This website is intended to provide you with general information only. This information is not a substitute for advice from your Specialist Plastic Surgeon and does not contain all the known facts about this procedure or every possible side effect of surgery. It is important that you speak to your surgeon before deciding to undergo surgery. If you are not sure about the benefits, risks and limitations of treatment, or anything else relating to your procedure, ask your surgeon to explain. Patient information provided as part of this website is evidence-based, and sourced from a range of reputable information providers including the American Society of Plastic Surgeons, Better Health Channel and Mi-tec medical publishing.
Dermabrasion and dermaplaning are procedures that give the skin a smoother appearance by treating the sharp edges of surface irregularities. Through a method of controlled surgical scraping, the skin’s top layers are “refinished”.
Dermabrasion is most often used to improve the look of facial skin left scarred by accidents or previous surgery, or to smooth out fine facial wrinkles, such as those around the mouth. It's also sometimes used to remove the pre-cancerous growths called keratoses. Dermaplaning is commonly used to treat deep acne scars.
Both dermabrasion and dermaplaning can be performed on small areas of skin or on the entire face. They can be used alone, or in conjunction with other procedures such as facelift, scar removal or revision, or chemical peel.
Dermabrasion and dermaplaning is a highly individualised procedure and may not be suitable for everyone. Always talk to your Specialist Plastic Surgeon before making a decision. Your surgeon will assess your condition and general health, and plan the treatment that is best suited to you.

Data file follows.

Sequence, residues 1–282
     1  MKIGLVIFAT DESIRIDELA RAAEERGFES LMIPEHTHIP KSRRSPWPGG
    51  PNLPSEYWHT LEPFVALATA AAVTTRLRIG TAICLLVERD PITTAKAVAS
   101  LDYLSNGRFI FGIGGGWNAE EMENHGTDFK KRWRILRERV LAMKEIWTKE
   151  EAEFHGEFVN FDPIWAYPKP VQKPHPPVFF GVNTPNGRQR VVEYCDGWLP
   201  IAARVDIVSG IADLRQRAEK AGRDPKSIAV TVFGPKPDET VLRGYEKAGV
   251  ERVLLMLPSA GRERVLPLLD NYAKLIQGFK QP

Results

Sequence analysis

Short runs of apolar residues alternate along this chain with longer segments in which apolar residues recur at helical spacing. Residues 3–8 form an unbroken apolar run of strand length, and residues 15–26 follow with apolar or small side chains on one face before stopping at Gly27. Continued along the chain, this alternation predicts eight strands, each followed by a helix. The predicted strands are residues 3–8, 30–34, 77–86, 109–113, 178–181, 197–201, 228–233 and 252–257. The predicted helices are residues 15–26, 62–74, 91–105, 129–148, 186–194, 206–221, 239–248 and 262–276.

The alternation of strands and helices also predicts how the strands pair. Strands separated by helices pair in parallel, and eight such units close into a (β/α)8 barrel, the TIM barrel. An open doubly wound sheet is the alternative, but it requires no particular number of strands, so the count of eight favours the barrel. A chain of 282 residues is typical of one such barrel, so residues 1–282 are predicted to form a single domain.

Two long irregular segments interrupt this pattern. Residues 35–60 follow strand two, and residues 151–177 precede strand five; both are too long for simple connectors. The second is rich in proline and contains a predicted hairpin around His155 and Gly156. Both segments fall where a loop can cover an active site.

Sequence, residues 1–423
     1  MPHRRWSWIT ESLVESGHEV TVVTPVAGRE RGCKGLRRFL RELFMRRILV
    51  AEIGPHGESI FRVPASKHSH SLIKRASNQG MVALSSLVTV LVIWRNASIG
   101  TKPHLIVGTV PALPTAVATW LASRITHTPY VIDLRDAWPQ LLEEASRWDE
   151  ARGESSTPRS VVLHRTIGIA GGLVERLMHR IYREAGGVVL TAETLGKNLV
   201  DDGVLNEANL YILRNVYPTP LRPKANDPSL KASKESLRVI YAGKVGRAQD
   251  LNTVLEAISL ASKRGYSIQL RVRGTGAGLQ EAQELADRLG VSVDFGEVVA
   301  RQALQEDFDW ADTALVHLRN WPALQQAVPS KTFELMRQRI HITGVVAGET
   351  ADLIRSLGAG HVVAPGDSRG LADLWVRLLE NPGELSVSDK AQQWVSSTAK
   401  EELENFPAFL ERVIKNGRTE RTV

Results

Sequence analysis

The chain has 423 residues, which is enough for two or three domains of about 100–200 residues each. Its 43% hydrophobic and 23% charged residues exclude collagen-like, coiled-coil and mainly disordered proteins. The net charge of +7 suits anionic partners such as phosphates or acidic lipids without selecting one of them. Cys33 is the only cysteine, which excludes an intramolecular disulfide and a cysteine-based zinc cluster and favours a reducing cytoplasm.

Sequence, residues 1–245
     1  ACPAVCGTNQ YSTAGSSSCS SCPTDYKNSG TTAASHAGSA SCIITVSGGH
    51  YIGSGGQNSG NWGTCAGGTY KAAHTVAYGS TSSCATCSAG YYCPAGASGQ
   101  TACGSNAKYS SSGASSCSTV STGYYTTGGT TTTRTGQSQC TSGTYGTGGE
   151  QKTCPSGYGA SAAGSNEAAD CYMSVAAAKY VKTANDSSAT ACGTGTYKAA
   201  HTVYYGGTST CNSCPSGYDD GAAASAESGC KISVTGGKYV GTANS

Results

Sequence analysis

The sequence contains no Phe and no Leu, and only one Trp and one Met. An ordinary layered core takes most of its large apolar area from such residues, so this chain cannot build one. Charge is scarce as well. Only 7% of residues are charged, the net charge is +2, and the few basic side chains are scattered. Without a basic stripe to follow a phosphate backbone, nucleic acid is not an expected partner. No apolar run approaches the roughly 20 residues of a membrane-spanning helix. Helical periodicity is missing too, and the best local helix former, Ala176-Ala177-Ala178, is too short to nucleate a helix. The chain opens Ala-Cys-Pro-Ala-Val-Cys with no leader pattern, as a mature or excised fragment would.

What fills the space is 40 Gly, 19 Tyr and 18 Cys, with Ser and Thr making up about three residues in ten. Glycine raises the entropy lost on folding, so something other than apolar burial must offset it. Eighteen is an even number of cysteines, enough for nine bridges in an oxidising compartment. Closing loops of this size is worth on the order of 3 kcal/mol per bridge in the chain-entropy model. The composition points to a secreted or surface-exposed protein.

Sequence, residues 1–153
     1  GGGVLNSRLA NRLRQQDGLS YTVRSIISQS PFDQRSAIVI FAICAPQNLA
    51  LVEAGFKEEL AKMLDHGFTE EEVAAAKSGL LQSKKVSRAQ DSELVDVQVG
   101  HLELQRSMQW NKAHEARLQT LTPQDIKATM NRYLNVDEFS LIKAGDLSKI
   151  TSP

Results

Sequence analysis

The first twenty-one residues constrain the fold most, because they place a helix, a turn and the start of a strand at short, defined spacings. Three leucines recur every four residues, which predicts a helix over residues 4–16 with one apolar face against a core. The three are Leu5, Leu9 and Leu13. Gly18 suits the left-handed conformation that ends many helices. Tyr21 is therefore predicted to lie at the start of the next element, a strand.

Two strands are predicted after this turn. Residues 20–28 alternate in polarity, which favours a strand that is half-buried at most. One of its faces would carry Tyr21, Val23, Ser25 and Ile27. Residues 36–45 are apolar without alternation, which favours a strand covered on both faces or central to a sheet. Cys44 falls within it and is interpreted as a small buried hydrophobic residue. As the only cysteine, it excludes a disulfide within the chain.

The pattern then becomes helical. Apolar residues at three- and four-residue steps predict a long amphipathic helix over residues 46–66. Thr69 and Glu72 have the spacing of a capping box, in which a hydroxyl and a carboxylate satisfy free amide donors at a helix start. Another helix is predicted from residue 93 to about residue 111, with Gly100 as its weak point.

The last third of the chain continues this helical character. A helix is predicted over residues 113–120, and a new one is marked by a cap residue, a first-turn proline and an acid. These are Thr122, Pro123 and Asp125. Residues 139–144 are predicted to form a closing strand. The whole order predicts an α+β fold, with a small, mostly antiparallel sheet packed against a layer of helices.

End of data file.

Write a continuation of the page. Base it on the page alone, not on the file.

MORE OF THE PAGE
Before you decide on undergoing chemical peel, there are some important issues to keep in mind:
Dermabrasion and dermaplaning may be a good option for you if:
Dermabrasion and dermaplaning may be performed under local anaesthesia, which numbs the area, combined with a sedative to make you drowsy. Sometimes a numbing spray, such a freon, is used along with or instead of local anaesthesia. In more severe cases, your Specialist Plastic Surgeon may prefer to use general anaesthesia, in which case you will sleep through the procedure.
Dermabrasion and dermaplaning is generally safe but does have the potential for risks and complications to occur.
Some risks and complications associated with dermabrasion and dermaplaning may include but are not limited to:
Before undergoing the procedure, it is important that you:
Prepare a “recovery area” in your home. This may include pillows, ice packs, a thermometer and a telephone within easy reach. Make sure you arrange for a relative or friend to drive you to and from the hospital or clinic. Someone should also stay with you for at least 24 hours after you return home.
Your surgeon should give detailed instructions to prepare for the procedure. Follow them carefully.
Depending on the extent of your procedure, further treatment may be necessary to achieve the optimal result or to correct minor irregularities.
Cost is always a consideration in elective procedures. Prices for individual procedures can vary widely between Specialist Plastic Surgeons. Some factors that may influence the cost include the surgeon’s experience, the type of procedure used and the geographic location of the office.
Costs associated with the procedure may include:
Your surgeon should welcome any questions you may have regarding fees.
Drugs and/or gases used during an operation to relieve pain and alter consciousness
Sedatives administered by injection into a vein to achieve relaxation
A drug injected directly to the site of an incision during an operation to relieve pain
Freckles, sun spots, melasma, or other darkened patches of skin result mainly from sun exposure
As the result of acne or injury to the skin, scars may be rolling (a wavy appearance to the skin), pitted, discoloured, or have raised borders
Visit the Plastic Surgery Glossary for more procedural terms.